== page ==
Pittsburgh-based Dennis Hurwitz, MD, FACS, draws international focus on his innovative procedure
Soon after People magazine’s Nov. 17, 2003, issue hit newsstands and landed in subscriber mailboxes, phone lines at the Hurwitz Center for Plastic Surgery in Pittsburgh all but melted as callers swamped the switchboard. The reason: They’d just read People’s cover story describing a relatively new body-sculpting procedure developed by center owner Dennis J. Hurwitz, MD, FACS, to transform former fatties into svelte stunners by means of a single, cost-effective operation.
People wasn’t the only nationwide media outlet to showcase Hurwitz’s groundbreaking procedure. There were reports in other prestigious publications, along with guest appearances on a slew of television programs, including “Montel” and “Inside Edition.”
However, his surgical innovation might have generated scant notice outside medical circles were it not for his decision to retain a New York City-based public relations agency to promote it nationwide.
“It’s not a common practice among plastic surgeons to retain advertising, publicity, and marketing consultants, but I think it’s something more of us are going to have to do to stand out from the competition and be able to help consumers make better-educated choices,” he contends. “It used to be that word of mouth was all you needed. If you did good work, your satisfied patients would tell their family and friends, then word would get around, and new patients would seek you out.”
Hurwitz believes word of mouth in bygone days was effective because consumers tended not to invest the time and energy needed to research the providers and become educated about what it took to deliver a good result. Now, however, Internet-equipped and sophisticated-thinking consumers do that and more—as a matter of routine.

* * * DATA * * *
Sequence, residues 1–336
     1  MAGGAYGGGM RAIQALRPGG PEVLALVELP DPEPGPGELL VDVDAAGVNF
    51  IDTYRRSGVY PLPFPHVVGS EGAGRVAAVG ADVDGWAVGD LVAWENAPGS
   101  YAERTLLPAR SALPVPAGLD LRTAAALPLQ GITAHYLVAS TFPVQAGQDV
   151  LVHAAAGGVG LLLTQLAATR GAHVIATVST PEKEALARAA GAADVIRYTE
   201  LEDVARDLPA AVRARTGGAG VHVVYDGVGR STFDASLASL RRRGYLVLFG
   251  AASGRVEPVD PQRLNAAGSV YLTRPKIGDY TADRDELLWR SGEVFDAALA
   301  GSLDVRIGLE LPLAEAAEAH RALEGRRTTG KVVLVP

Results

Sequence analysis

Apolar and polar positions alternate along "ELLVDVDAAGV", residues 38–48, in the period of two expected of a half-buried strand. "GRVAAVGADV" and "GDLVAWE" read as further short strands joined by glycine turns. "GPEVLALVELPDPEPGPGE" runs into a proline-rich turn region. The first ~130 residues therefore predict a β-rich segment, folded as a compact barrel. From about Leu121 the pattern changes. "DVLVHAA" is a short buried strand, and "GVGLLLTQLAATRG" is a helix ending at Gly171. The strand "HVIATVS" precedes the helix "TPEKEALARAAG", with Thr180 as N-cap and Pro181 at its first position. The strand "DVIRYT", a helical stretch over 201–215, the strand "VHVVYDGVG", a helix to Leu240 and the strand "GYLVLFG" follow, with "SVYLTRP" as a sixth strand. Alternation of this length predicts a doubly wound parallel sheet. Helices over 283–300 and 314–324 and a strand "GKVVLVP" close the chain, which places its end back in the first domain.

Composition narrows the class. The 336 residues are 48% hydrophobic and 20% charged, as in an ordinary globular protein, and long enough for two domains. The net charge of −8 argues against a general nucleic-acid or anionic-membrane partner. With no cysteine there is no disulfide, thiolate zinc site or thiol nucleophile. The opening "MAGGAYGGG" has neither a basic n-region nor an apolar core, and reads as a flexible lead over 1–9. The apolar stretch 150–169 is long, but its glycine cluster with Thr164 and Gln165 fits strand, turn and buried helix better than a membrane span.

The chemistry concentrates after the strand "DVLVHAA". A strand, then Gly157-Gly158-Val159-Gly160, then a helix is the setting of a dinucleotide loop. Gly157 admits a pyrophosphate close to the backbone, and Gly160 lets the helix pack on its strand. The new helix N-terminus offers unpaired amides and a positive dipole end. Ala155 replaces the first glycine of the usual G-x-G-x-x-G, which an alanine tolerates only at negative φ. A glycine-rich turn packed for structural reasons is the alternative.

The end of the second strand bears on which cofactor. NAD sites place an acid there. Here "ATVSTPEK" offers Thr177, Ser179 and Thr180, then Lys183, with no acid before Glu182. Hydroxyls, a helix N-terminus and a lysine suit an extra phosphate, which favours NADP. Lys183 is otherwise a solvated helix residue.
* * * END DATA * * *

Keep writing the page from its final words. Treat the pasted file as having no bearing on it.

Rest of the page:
That’s what convinced Hurwitz to retain a PR agency. He says he pays the firm and others like it between 5% and 10% of his annual gross revenues for publicity, advertising, and additional forms of external marketing.
“It’s an investment that’s paid huge dividends,” he says, noting he also has a book coming out this spring called Total Body Lift.
Cosmetic procedures make up the bulk of Hurwitz’s practice today. On the reconstructive side, he sees a relatively sizable share of cleft-lip and cleft-palate cases. It’s understandable, in light of his former position as head of the craniofacial center at the University of Pittsburgh, where he performed his plastic surgery residency training back in the mid-1970s; he has been a member of the teaching staff there ever since.
Interestingly, Hurwitz’s continuing involvement with reconstructive plastic surgery proves to be a strong selling point in the eyes of prospective cosmetic surgery patients. Many of them find it reassuring that Hurwitz is a top reconstructive physician with an ongoing university connection. The opposite also holds true: His reconstructive patients take comfort in knowing that he has a reputation for excellence in cosmetic work.
“Both sides of my practice support each other in terms of the marketing message,” Hurwitz says, adding that he’s not bashful about letting his patients know that his extensive and cutting-edge reconstructive skills make him a better cosmetic plastic surgeon, and vice versa.
The career of Baltimore-bred Hurwitz—a University of Maryland Medical School graduate who interned at Yale–New Haven Hospital—began in academia. It wasn’t until 6 years later, in 1983, that he entered private practice. In 1996, he returned to full-time academic practice to help establish a cosmetic surgery center at the University of Pittsburgh. He again entered the private sphere in 2000, but he continued his relationship with the University of Pittsburgh as a clinical professor of plastic surgery.
In his role as teacher, Hurwitz brings to the classroom a perspective intended to help his students and residents accomplish great things in relatively short order.
“I try to instill in them the notion that they need to find an avenue that will allow them to be the very best they can be as plastic surgeons,” he says. “For me, that avenue is the stimulus of being involved on a daily basis in academic medicine.”